USF is expecting one of its largest student sections in school history at Thursday’s nationally televised ESPN game between No. 21 USF and No. 8 Cincinnati.
On Tuesday, the initial 12,501 student ticket allotment for the game was completely allocated, and additional student tickets – which seat students in the upper bowl – are now on sale for $10.
This is the fourth time USF has maxed out its student allotment. The 2007 West Virginia game (12,496), the 2007 UCF game (12,501), and the 2008 Kansas game (13,499)
were the other occasions. USF won each of those games.
“(Thursday) is such a big game, one of the most important in the University’s history,” said Executive Associate Athletic Director Bill McGillis.
As of Monday, the USF athletic department said total ticket sales were around 53,000. Raymond James Stadium has a seating capacity of 65,587.
USF defensive end George Selvie said he wouldn’t expect anything less than a sellout.
“I’d be disappointed (if the game doesn’t sell out),” he said. “It’s a big game for us. It’s a Thursday night game (and there’s) no high school football going on. I think it will be filled.”
Many have compared Thursday’s game to the 2007 West Virginia game, when USF beat the then-No. 5 Mountaineers 21-13 on an ESPN Friday broadcast.
A series of “Breakfast with the bulls” appearances in the Tampa Bay area and today’s on-campus pep rally have been scheduled to promote even more interest leading up to Thursday’s game.
“How can you not be excited about all of this?” said USF coach Jim Leavitt. “I hope we do have a sellout. I hope it will be a great crowd. I know it helps, but when the ball is snapped, it’s still up to us. We still have to play.”
Receiving core adds weapon
Before he got injured in the spring, senior wide receiver Jessie Hester looked to be USF’s go-to receiver.
Hester led the team in receptions and yards last season. His 54 receptions were the second most by a USF wideout in a single season.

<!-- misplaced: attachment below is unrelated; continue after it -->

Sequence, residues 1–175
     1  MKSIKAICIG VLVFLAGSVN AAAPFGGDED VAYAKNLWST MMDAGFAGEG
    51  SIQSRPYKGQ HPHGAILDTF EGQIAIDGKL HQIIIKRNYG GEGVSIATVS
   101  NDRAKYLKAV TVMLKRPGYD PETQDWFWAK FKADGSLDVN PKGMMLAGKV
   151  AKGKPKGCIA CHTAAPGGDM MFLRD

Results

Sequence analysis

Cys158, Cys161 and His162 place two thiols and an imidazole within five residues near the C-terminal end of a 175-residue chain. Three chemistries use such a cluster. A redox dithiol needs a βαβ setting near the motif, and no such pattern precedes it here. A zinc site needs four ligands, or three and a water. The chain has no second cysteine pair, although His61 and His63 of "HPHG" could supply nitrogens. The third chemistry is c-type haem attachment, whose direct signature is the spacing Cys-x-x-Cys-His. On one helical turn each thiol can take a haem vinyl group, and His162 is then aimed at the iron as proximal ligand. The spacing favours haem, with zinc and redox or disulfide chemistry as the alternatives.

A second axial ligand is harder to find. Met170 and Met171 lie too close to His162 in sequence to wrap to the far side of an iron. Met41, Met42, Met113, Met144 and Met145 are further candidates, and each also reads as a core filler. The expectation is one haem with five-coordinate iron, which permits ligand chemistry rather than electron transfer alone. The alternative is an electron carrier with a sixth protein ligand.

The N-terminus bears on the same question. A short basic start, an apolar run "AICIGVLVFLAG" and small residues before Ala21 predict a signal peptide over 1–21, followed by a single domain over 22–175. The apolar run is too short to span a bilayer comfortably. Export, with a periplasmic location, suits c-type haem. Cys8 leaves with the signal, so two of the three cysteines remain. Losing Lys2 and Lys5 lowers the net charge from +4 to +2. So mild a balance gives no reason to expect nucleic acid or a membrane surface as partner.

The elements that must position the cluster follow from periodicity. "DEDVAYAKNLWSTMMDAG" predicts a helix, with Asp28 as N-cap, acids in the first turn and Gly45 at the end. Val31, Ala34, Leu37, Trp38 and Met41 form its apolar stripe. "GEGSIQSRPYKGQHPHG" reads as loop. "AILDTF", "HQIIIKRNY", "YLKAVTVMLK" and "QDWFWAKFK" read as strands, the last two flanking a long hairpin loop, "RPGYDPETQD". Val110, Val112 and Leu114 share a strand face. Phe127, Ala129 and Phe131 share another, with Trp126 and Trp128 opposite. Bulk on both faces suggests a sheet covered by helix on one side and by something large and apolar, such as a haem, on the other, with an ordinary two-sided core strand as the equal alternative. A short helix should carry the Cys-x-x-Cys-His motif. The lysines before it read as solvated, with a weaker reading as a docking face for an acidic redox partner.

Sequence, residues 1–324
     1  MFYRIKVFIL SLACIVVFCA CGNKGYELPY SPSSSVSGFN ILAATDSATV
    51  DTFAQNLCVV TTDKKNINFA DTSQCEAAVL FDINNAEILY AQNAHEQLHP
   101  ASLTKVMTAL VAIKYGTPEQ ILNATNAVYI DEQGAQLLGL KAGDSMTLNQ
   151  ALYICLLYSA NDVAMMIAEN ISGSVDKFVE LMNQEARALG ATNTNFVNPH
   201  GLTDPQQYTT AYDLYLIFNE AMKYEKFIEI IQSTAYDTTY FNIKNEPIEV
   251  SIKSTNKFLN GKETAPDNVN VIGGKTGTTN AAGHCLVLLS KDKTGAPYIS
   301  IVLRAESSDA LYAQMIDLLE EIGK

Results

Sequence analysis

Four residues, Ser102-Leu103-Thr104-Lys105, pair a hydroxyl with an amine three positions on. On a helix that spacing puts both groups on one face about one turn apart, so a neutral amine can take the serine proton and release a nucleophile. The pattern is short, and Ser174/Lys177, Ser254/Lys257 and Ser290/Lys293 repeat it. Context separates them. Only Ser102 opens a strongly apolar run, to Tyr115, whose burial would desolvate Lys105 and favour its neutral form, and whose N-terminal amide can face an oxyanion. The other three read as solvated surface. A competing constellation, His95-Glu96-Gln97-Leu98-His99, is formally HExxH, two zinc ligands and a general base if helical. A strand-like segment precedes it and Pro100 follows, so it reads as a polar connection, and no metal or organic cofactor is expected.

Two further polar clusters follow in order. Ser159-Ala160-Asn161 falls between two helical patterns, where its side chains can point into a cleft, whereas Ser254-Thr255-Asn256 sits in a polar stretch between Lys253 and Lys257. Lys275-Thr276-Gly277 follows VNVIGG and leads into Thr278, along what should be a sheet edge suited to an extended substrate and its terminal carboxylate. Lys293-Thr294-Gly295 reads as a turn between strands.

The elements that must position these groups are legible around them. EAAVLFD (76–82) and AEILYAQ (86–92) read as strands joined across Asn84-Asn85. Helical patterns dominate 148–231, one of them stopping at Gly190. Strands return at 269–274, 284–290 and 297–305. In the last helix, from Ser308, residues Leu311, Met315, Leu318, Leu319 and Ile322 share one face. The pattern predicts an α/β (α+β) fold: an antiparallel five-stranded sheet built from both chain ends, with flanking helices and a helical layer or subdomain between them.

“It’s nice to have someone like that with experience and production,” said offensive coordinator Mike Canales. “The guy’s produced. He did some great things for us. Obviously, having him back in the offense gives us another weapon we can utilize.”
This year, Hester has only seen action in two games and has yet to catch a pass in his recovery from an ankle injury that kept him out for nearly six months.
The injury, which required surgery, slowed him through fall camp and the beginning of the regular season. On top of that, he also suffered a hamstring injury this season.
Canales said with Hester close to 100 percent, he should be involved in the offense against Cincinnati.
“You try to utilize him when you can, when the situation dictates,” he said. “He knows the situation. We’re not going to change our plan, just maybe scheme a little bit to get him mixed in there.”
Canales said Hester’s role in the offense would also benefit other receivers, including big-play options Dontavia Bogan, who is second on the team in receiving yards, and Carlton Mitchell, who leads the team with 377 receiving yards.
“You got two guys over there who are dependable, who can create some problems,” Canales said. “We have to see what the matchups are going to be and see if we can isolate a guy.”